Why, well Hill’s Will makes it quite clear:

“No boy to receive the reward who was undutiful to his parents, or was ever heard to swear, to tell untruths, or known to steal, or break windows, or do any kind of mischief; and no girl was to receive the reward who was not in every respect modest, attentive to business, and well behaved.”

I am sure it would be well received by the few shillings were little recompense for a year of good behaviour no doubt. Finally her Will records:

“And Mrs. Hill sincerely hoped that these donations, however small, might, in some degree answer the intended purpose of encouraging the good and well disposed. The constant attendance at the parish church to be also a requisite recommendation.”

I wonder if they did and now that the money has run out are the local children breaking windows, the girls immodest, the servants never sober and the labourers lazy and dishonest…not to say anything about the widows! I think not, not in leafy Berkshire!

Custom survived: Colchester Oyster Proclaimation

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Customs which are firmly attached to a specific date are today a rarity; many have now slipped the more convenient nearest weekend – but not Colchester’s Oyster Proclamation, itself a bit of a rarity being an Essex custom. Firmly fixed to the first Friday in September originally the first of September. Why September? Well this is the first month with an R in it!

Now there is another aspect which means witnesses the custom can be a problematic – it is held on a boat in the middle of the estuary. However, this year for logistical reason it returned to shore.

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Shellfishly does it!

Dating from 1540 it is a colourful event full of the right level of pomp but not pompous. Afterall you cannot think yourself too important when you are swaying in the sea. Indeed, The Times in 22nd September 1928 recorded:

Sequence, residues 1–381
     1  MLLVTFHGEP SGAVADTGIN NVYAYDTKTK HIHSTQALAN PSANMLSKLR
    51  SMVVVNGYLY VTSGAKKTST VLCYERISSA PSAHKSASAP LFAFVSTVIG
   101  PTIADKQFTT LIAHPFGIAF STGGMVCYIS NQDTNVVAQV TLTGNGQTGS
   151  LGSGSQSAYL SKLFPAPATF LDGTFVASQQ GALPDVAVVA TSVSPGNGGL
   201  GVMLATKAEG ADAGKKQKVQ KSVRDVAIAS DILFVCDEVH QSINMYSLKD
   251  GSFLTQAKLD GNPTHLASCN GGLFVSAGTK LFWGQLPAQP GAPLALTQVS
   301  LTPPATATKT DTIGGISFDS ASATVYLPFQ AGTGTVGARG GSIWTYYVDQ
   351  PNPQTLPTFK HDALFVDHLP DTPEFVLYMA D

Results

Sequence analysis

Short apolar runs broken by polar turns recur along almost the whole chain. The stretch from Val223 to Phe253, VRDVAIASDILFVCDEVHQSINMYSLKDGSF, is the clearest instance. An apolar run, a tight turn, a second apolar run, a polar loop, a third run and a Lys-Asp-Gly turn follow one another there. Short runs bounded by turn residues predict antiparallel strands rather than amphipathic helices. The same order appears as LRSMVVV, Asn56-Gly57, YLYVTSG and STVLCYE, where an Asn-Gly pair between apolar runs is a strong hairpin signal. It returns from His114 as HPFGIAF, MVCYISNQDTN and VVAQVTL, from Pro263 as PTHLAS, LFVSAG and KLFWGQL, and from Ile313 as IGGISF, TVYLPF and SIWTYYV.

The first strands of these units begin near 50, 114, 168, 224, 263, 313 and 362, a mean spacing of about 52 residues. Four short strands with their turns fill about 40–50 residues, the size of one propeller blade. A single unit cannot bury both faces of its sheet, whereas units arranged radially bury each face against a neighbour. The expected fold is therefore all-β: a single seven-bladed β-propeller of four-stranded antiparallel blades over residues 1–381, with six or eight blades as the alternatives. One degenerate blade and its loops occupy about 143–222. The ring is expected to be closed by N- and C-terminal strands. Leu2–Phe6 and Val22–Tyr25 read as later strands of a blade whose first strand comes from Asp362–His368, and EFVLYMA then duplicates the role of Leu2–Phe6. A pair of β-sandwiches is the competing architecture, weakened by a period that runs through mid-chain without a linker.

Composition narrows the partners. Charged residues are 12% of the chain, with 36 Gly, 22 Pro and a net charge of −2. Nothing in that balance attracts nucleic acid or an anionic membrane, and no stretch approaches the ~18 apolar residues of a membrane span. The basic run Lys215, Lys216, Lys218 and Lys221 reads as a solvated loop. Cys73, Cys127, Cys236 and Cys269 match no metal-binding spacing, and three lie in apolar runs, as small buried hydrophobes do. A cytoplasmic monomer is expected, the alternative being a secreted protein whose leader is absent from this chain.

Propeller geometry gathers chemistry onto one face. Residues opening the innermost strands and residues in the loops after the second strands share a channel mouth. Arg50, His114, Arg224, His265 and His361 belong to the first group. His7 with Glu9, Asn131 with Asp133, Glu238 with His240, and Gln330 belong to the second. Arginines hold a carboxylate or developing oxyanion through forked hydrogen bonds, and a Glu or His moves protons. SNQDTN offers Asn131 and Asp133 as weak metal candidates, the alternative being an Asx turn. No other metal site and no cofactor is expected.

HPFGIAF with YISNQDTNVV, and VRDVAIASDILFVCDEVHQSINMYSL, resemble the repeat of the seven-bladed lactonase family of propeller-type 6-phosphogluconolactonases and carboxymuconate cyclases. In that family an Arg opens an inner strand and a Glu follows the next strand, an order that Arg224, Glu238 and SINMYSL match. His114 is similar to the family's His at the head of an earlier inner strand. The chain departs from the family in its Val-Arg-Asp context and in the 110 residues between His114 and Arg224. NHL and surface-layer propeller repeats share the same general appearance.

“The company were about to drink a toast in gin, in accordance with ancient custom, when the table containing the tiny glasses, filled win gin, overbalanced ad fell, crushing to the deck, together with the small cakes of gingerbread provided for the occasion. Amid hearty laughter fresh supplies were soon forthcoming and the ceremony concluded in the time honoured fashion.”

An article in the Daily Mail suggests the custom can be even more fraught with problems noting:

The oyster-opening ceremony has taken place on the sea for more than 400 years – but not this year and possibly not next year. Mrs Lewis said it was uncertain whether the tradition would even return to the water next year, when she is out of office – because of health and safety. She said: ‘The jury is still out on that one. If the next mayor wants to go back on the water, there are a couple of health and safety issues that need to be addressed. ‘The mayor nearly fell overboard last year so we had to look at the risk anyway.”

The Daily Mail had more to state:

“But because last year’s mayor almost fell into the water as he moved from boat to boat, the ceremony – which dates back to 1540 – was instead staged on land. 

And to make matters worse, the current mayor, Conservative Sonia Lewis, suffers from seasickness, further scuppering any chance of holding the ceremony on the water….Speaking about the decision, Mrs Lewis said: ‘I have never been able to attend the opening of the fisheries because of my inability to tolerate tidal waters. I confirmed on more than one occasion that I was prepared to stand down from the ‘opening of the Colchester oyster fisheries’ this year.”

So that year a Mayor nearly overboard, a seasick and a non-oyster eating Mayor made that year’s event one a memorable one in its possible 2000 year history – a claim deriving from the Roman’s love of Oysters and the significant presence in the Colchester area. Certainly it can be traced back possibly further than its 16th century record possibly to the time when the town confirmed in 1189 by King Richard I that to raise money for a crusade, its control of fishing ‘from North Bridge up to Westness was established. It is worth noting however, the Mayor came over her dislike of oysters stating:

“She had said she would not eat the oyster, describing herself as ‘more of a fish and chip girl’ but she dutifully quaffed it down with a grimace.”

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Being on land does create another obstacle. Part of the ceremony was the Mayor to dredge in the first catch of Oysters…unless he was planning to scout around on the beach or have a long net, that was not going to happen. The solution was to get a local oyster chef in and to give the Mayor the first oyster on a plate to eat.